Sunday, October 26, 2014
Hopi Pottery Colors
Weather: Sun angles have been changing. The light came into my eyes over a neighbor’s roof for the first time this fall Friday morning. A little rain fell Monday afternoon.
What’s blooming in the area: Sweet pea, chrysanthemums; corn stalks now tan, apple trees mottled.
Beyond the walls and fences: Goat’s head, chamisa, broom senecio, áñil del muerto, golden hairy and purple asters. Younger trees of heaven turning yellow; river visible as snaky line of yellow cottonwoods.
In my yard: Winecup mallow, Mexican hat, black-eyed Susan, chocolate flower, blanket flower. Leaves on sea lavender turned bright red; beauty bush turning coppery red; spirea turning orange.
Animal sightings: Goldfinches continue stripping seeds from the Maximilian sunflowers, cabbage butterflies, hornets, large and small black ants.
Weekly update: Technology is the mediator between perceptions of color and their reproduction. Whatever colors the Anasazi or Hopi used before 1300 are unknown. Water-based dyes don’t survive well on basketry, clothing and exposed rock walls.
Our knowledge of their color schemes begins with mineral-based pigments and pottery.
In the thirteenth century there were two southwestern centers for pottery, the Anasazi in the four corners area and the Mogollon to the south. Both used black decoration on fired, clay paste. The first lived in an area with gray clay, which was coated with a white clay slip. The other lived in an area with brown. The backgrounds may have been dictated by raw materials, but potters tried to alter them to fit aesthetic ideals.
When drought arrived, they moved with the rest.
Individuals living in today’s Hopi area already were adding black decorations to pottery made from an orange clay. Around 1315, craftsmen in the village of Awátovi on Antelope Mesa began producing yellow pottery with black decorations.
The innovation wasn’t the clay, but the methods for firing. Individuals already knew the coal that gave the Black Mesa its name would burn; they had been using it for heat. They were the only natives in North America to use coal.
Some one or some small group learned how to control the fire to make a thin, hard pottery that was good enough to trade.
Anna Shepard fire-tested clays she found near the Awátovi ruins in 1938 to replicate fourteenth century processes. She found two types of red clay and two of gray that fired properly. When the reds were heated with wood, one turned gray, the other pale red. When coal was used, both turned red.
When the grays were subjected to wood fire for three and three-quarter hours they turned white or light gray. When exposed to coal for two hours, they became pink or pale brown. When they were fired for more than nine hours, both turned light yellowish brown.
After examining sherds removed from the ruins, Watson Smith concluded craftsmen experimented for another generation after producing the Awátovi black-on-yellow before developing a clay paste that used little filler. Once perfected, Jeddito black-on-yellow became a standard formula that was produced uniformly on an industrial scale for both local use and export.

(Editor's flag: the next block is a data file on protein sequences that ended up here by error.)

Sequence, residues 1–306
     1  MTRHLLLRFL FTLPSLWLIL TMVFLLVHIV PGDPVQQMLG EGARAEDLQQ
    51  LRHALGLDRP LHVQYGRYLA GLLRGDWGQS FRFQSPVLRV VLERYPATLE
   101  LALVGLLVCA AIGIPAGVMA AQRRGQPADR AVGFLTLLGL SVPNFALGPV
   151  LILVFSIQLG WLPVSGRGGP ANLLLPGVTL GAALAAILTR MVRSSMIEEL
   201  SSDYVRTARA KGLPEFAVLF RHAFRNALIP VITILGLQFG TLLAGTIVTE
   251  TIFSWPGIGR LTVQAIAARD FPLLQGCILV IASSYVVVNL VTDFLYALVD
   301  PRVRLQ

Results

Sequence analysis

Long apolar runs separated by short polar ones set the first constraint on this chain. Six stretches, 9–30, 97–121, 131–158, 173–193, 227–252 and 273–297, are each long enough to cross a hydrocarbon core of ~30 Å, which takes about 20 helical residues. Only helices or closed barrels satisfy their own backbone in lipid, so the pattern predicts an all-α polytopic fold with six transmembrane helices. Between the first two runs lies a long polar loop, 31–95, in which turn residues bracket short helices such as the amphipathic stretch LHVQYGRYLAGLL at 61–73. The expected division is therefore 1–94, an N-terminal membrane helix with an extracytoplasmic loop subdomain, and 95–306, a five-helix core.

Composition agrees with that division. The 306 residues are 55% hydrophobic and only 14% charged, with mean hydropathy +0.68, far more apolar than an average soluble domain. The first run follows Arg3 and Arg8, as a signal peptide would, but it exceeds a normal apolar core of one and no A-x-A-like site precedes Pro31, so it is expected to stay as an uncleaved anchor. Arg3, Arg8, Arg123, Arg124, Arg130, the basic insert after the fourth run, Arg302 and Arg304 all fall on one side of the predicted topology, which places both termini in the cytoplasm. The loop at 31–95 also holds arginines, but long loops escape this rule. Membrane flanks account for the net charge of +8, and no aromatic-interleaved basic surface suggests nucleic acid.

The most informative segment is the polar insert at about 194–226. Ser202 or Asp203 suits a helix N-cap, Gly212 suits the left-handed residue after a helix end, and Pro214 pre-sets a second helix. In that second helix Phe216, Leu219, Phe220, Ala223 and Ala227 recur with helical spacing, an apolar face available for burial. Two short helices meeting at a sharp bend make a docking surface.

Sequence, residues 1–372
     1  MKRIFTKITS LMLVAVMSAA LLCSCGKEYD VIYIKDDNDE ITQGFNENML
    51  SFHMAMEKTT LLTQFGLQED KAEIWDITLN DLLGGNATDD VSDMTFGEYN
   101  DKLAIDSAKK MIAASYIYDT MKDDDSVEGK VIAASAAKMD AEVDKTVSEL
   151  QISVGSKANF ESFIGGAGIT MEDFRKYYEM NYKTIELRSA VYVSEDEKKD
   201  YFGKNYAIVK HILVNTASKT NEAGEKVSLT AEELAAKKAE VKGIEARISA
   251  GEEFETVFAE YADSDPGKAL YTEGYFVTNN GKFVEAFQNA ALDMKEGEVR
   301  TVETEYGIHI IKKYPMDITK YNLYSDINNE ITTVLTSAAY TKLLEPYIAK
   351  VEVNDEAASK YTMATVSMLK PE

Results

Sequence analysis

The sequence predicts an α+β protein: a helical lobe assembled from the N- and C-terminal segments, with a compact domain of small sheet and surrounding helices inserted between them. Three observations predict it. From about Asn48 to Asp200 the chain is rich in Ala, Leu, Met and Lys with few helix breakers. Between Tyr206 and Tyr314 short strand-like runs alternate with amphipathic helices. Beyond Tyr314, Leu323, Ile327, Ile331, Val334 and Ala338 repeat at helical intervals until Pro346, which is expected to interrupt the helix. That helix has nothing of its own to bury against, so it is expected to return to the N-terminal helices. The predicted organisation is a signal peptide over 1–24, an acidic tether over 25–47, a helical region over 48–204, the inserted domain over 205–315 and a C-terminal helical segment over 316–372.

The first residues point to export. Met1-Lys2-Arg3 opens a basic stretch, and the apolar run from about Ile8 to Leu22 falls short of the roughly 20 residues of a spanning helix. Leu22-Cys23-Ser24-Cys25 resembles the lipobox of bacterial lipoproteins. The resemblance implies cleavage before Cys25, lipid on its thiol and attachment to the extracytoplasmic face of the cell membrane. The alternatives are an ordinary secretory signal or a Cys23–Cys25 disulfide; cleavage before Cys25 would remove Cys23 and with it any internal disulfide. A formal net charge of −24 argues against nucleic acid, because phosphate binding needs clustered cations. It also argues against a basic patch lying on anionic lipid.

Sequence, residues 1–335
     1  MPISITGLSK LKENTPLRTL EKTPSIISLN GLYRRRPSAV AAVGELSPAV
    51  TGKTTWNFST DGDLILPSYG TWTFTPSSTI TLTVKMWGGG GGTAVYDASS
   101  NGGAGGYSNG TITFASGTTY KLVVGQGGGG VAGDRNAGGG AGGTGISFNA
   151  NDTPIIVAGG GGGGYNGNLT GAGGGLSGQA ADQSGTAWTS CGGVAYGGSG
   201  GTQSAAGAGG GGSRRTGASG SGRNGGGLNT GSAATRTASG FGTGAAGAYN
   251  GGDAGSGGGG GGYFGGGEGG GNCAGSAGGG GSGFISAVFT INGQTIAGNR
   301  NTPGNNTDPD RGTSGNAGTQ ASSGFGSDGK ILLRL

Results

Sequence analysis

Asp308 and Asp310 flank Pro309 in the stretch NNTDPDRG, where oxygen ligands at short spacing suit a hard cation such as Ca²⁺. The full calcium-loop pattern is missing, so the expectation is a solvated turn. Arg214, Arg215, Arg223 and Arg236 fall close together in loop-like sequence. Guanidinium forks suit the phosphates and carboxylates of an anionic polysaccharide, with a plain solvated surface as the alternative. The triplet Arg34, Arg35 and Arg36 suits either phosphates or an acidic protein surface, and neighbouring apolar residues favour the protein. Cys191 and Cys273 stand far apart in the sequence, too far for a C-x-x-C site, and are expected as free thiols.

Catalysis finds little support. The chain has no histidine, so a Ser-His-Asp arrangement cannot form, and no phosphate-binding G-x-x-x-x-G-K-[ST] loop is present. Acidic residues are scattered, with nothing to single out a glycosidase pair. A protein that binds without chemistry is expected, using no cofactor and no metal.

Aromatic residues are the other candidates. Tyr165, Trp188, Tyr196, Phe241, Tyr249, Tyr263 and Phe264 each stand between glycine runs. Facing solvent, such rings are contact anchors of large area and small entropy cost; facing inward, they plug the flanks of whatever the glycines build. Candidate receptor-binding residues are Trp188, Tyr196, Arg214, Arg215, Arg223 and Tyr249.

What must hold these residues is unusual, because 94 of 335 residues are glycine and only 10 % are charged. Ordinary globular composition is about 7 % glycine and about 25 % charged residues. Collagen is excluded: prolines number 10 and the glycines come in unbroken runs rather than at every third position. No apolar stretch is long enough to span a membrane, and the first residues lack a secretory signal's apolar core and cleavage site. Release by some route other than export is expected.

Trade follows technology, and brings with it more specialization and better quality choices.
Charles Adams’ team notes the hard yellow ware has been found in southern California and southern Utah, as well as in many Arizona and New Mexico sites. They believe much of the exchange with Homol’ovi "may have existed to compensate for ecological imbalances. The pueblos near modern-day Winslow lacked good quality clay. However, their soils supported the growth of cotton, which those of Awátovi did not.
Adams, E. Charles, Miriam T. Stark, and Deborah S. Dosh. "Ceramic Distribution and Exchange: Jeddito Yellow Ware and Implications for Social Complexity," Journal of Field Archaeology 20:3-21:1993.
Hayes, Allan and John Blom. Southwestern Pottery, 1996, on relationship between available clay and pottery color.
Shepard, Anna G. "Technological Note on Awatovi Pottery," in Smith, 1971.
Smith, Watson. Painted Ceramics of the Western Mound at Awatovi, 1971.
Shofer, Jeanne Stevens. "Awatovi Black on Yellow Information," Museum of Northern Arizona website. She suggests the 1315 date as a revision of Smith, 1971.
Photographs: Fall colors. Except where noted, all were taken 22 October 2014.
1. Goldfinch on Maximilian sunflower in my yard; its yellow coloring is camouflaged by the yellowing leaves; 10 October 2014.
2. Red amaranth after cold has killed many leaves; this is the plant that began the ruminations on the Hopi use of color.
3. Yellow cottonwoods and some lower growing, orange-red tree or shrubs that may be some kind of cherry; growing along an irrigation ditch.
4. Red Virginia creeping climbing through a piñon near the main road.
5. Yellow catalpa and red sand cherry along my gravel drive.
6. Unknown red tree and still green cottonwood along the village road; from its color, I would guess it’s some kind of maple.
7. Yellow cottonwoods along an arroyo; badlands and Jémez in back.
8. Two goldfinches, 10 October 2014.
9. One of the great mysteries is how goldfinches manage to keep attached to the narrow Maximilian sunflower stems when they turn upside down. It’s even more amazing when the wind is blowing as it was this day, 10 October 2014.